In chapter 31, Jeremiah’s message is particularly noteworthy because it is directed to Ephraim by name. “I am a Father to Israel, and Ephraim is my firstborn,” says the Lord (Jer. 31:9). Ephraim is also described as Yahweh’s “dear son” and “darling child” (v. 20), always expected to live up to the image of Yahweh’s Son. However, Ephraim was not Joseph’s actual firstborn son. When Joseph brought his firstborn son before his father, Israel laid hands on Joseph’s second child, Ephraim, instead, blessing him as the firstborn even though Manasseh was the actual firstborn. This typology of first and second sonship is nothing new to the history of Israel, being seen in numerous other examples (e.g. Ishamel and Isaac, Esau and Jacob, Reuben and Joseph, Levi and the twelve tribes, Adam and Jesus), and it runs through the message of Jeremiah 31 too. Ephraim, like Jesus, is the second son, a second Adam, chosen to receive the promised inheritance of the actual firstborn. But in the context of Jeremiah 31, when the Lord speaks of Ephraim, He speaks as though Ephraim bears the image of the first Israel, the first Adam, who fell in the garden sanctuary and was later exiled into the land. He speaks as though His son had already been disciplined, as though Ephraim had already been taken into exile. Time and time again, the northern kingdom of Israel broke covenant with Yahweh, and Yahweh responded by showing mercy time and time again; but when Jeremiah spoke in chapter 31, northern Israel had already been taken captive. Ephraim was already no more, which is why Rachel is described as weeping for her children. Rachel was the wife of Jacob (i.e. Israel) and therefore the mother of Israel’s children, but now Ephraim had gone into exile, finally receiving his due for repeated breaches of God’s covenant; and in exile, what hope could there possibly be for the future of Yahweh’s people? This is the context in which Matthew (2:18) quotes Jeremiah 31:15 as finally being fulfilled:
A voice is heard in Ramah, lamentation and bitter weeping. Rachel is weeping for her children; she refuses to be comforted for her children because they are no more.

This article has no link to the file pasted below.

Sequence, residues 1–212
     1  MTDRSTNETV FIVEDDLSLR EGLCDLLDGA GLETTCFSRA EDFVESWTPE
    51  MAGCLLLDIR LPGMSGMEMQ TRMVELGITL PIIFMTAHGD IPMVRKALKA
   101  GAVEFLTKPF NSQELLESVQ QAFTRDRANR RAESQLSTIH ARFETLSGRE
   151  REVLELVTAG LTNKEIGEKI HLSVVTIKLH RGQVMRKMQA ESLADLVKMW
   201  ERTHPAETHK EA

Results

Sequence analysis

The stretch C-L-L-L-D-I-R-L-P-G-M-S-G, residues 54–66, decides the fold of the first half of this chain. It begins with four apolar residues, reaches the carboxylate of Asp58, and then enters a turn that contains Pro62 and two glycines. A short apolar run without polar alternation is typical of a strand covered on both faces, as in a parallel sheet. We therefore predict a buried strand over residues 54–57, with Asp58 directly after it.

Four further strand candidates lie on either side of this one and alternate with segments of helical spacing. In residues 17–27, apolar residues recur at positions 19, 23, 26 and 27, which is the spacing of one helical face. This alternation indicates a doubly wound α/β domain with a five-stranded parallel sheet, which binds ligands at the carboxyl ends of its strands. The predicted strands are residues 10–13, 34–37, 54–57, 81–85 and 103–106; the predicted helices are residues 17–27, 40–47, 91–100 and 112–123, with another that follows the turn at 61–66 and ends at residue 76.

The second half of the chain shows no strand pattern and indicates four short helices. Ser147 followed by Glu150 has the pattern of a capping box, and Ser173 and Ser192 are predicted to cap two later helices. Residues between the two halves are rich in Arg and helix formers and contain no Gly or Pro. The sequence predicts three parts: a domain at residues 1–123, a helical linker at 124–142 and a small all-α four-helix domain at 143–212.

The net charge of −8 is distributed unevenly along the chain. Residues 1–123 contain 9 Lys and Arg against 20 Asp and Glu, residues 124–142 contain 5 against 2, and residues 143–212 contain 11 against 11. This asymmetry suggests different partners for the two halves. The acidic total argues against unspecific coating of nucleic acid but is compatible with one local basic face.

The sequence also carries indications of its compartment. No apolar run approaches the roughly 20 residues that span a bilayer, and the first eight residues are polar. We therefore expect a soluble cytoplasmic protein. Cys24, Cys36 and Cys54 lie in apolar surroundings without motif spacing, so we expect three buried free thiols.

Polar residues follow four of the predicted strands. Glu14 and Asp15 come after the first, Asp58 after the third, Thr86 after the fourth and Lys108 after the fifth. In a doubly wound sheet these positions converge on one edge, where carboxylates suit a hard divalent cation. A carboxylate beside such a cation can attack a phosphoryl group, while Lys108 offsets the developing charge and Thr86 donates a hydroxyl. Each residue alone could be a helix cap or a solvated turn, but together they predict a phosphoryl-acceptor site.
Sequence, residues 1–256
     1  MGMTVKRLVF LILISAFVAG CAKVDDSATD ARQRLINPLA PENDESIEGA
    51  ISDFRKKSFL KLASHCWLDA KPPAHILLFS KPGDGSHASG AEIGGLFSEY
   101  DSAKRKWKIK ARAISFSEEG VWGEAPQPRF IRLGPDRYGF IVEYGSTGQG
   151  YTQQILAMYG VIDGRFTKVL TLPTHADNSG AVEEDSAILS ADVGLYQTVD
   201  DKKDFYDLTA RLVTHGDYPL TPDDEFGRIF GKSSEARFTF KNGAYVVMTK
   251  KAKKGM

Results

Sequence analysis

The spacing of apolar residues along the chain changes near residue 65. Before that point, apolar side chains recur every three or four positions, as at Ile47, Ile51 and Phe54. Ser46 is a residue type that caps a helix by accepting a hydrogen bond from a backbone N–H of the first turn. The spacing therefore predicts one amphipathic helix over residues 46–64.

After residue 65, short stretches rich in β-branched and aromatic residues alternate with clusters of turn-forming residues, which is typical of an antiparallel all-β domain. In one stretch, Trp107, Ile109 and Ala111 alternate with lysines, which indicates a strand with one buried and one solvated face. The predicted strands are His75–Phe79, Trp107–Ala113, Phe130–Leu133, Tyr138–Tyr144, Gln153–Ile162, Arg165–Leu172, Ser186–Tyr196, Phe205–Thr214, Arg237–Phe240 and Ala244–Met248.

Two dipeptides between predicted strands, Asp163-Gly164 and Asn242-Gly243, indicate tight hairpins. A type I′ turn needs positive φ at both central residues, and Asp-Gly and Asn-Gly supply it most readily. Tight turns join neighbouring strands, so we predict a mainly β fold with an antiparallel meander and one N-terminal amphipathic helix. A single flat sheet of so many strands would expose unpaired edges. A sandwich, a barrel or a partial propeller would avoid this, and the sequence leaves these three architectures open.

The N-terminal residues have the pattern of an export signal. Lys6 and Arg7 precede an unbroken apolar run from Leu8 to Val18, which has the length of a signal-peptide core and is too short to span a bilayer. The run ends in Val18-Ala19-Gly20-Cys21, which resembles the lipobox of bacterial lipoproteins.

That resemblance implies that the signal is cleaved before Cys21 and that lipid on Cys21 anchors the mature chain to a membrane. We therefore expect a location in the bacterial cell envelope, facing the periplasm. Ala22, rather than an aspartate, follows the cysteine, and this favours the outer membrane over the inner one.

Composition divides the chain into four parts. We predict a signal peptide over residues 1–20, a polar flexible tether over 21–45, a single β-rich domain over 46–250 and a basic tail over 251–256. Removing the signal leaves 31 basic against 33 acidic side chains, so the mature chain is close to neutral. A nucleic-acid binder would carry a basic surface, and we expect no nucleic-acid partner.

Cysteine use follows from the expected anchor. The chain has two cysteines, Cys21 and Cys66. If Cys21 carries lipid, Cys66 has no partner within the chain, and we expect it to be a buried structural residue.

Matthew does something unexpected with this “fulfillment” passage though, something similar to what Jerome described the Jewish scholars doing in his own day. Matthew interprets Jeremiah 31:15 as fulfilling events within his own generation. Instead of interpreting those events as being fulfilled in the past when Israel actually returned from Babylonian exile, Matthew interprets Jeremiah 31:15 as fulfilling the events of Herod slaughtering the innocent children of Israel around Bethlehem. Jeremiah describes Rachel as hearing the cries of her children being deported into captivity from Ramah, yet Matthew cites this as fulfilling the theme of continued exile for God’s firstborn son. What gives? This type of prophetic "fulfillment" is not ordinary, or is it?
If something doesn't seem right, it may be because we are assuming too much about what it means for prophecy to be "fulfilled." Far too often Christians assume that fulfillment of a prophetic narrative is the same as a prophecy that predicts future events. Or, to put it another way, Christians often fail to distinguish indirect typological fulfillment of prophecy from direct fulfillment of prophecy. "The main difference between direct fulfillment of prophecy and indirect typological fulfillment is that the direct fulfills what was explicitly predicted by the words of the prophet, while the indirect fulfills what was implicitly foreshadowed by historical events, which have been narrated."4 As Craig L. Blomberg has noted,5 Matthew is not interpreting the text of Jeremiah 31:15 as a prediction of future events, but rather is employing a similar kind of typology6 to his interpretation of Hosea 11:1, as seen moments earlier (Matt. 2:15). I wrote about the typology of Hosea 11:1 in the last post (here).